Diane chirps in, "(The mother) was so impressed with the bus, she didn't need Disney World."
Nothing scheduled: Today is the last day of the convention, and planners seem to have overlooked 10- to 13-year-olds, as no activities for them are scheduled. So Charles will attend workshops about insurance, treatments and the transition from child to adult while Diane and Kendal hang out. This afternoon they'll do Epcot.
A half-hour passes before Kendal climbs out of bed, irons a shirt and dresses for the day. She takes a dose of prednisone and heads to a hotel caf for a snack. The prednisone upsets her stomach; the food is fuel.
She grabs a soda, a bagel and cream cheese. A beep signals a perfectly toasted bagel. Kendal slides it onto her plate, glances at 11-year old Lauren Lowell, who sits beside the only empty chair at the table. Diane talks with Terri Lowell, a convention attendee and mother of two. Kendal glances at her mom before sitting down.
Mothers' war stories: She focuses on her bagel and preps it with cream cheese while Terri and Diane exchange war stories. Terri's
youngest daughter, 8-year-old Gabriella Maselli, was too sick to make the trip. She's at home in West Haven, Conn., with her other mom, Terri's partner Evelyn Maselli.
"They were starting to look for veins in her feet," Terri says about infusions Gabriella received. "There was just nowhere to go."
The two women continue. They talk about Gabriella's diagnosis at age 2 with CVID and later with mitochondrial disease, a potentially fatal disease that affects brain function, vision, muscles and energy levels.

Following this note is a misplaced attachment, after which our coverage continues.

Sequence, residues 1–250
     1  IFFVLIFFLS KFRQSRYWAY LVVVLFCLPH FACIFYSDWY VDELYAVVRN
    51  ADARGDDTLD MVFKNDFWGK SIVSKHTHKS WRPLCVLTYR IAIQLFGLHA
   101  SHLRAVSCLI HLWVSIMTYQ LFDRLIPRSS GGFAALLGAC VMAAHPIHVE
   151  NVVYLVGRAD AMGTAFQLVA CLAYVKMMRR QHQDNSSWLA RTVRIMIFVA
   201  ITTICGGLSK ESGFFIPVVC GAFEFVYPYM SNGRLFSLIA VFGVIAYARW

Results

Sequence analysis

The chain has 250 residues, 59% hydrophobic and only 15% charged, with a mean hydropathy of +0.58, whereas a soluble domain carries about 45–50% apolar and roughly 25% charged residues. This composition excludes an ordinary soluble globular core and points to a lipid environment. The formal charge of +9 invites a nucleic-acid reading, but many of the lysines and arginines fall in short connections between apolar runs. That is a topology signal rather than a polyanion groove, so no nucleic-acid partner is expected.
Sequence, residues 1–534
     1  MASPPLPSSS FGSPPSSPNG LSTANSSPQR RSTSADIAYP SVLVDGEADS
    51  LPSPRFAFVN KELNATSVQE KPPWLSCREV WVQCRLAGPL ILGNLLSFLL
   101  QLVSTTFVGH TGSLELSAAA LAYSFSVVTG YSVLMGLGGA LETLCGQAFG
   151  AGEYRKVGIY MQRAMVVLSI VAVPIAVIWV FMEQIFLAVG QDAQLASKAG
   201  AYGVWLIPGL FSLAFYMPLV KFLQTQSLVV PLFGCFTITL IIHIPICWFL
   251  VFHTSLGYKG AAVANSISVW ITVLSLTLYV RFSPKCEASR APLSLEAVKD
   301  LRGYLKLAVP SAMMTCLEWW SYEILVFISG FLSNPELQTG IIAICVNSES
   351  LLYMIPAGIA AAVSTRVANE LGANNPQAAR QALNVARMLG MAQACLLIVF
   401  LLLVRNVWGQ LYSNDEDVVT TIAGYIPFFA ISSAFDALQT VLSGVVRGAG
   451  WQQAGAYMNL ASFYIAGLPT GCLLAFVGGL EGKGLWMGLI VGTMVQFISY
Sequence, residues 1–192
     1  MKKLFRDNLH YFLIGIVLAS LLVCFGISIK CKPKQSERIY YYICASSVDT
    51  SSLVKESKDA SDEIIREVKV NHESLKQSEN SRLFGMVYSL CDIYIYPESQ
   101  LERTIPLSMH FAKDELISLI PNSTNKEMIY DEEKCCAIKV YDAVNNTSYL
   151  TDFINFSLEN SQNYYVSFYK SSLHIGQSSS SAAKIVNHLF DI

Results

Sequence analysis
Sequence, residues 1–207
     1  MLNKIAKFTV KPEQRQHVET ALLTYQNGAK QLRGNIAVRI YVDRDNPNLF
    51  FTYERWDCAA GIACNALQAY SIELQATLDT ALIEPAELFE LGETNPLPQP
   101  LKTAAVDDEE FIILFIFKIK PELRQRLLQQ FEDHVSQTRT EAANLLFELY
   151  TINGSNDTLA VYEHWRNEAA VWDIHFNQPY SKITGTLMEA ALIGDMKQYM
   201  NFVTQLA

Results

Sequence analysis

They discuss differences in immune-boosting treatments while Kendal and Lauren find common ground -- clothes, weight and boys. They are bored with convention activities and topics.
"Do you want to go to the arcade?" Lauren asks Kendal.
"Can I have some money?" Kendal asks Diane.
Diane and Terri exchange phone numbers. They talk more about treatments, about schools and about family.
"You say 'immune' and the first thing people think is HIV," Terri says. "It's a whole different thing, and a lot of the teachers just don't understand. The kids look OK, so they assume there's nothing wrong."
"The teachers act like you want your kids home," Diane says. "I've been a mother for 22 years, I want some peace."
Charles, on break from a seminar, pulls a chair up to the table. Diane introduces Terri and fills him in on the past two hours of conversation.
"I see a lot of driving in my future," Charles says.
Kendal programmed Lauren's number into her phone. They're meeting at the pool in an hour or so. The adults say goodbye, for now.
"We're all in this together," Diane says. "We'll see you in a while."
Tomorrow: Some 20 years ago, Kendal Croney likely would have been considered just a sickly child. But years of research into the human immune system have led doctors to diagnose and treat genetic immune deficiency disorders. Still, that doesn't make life easy on a precocious 12-year-old girl.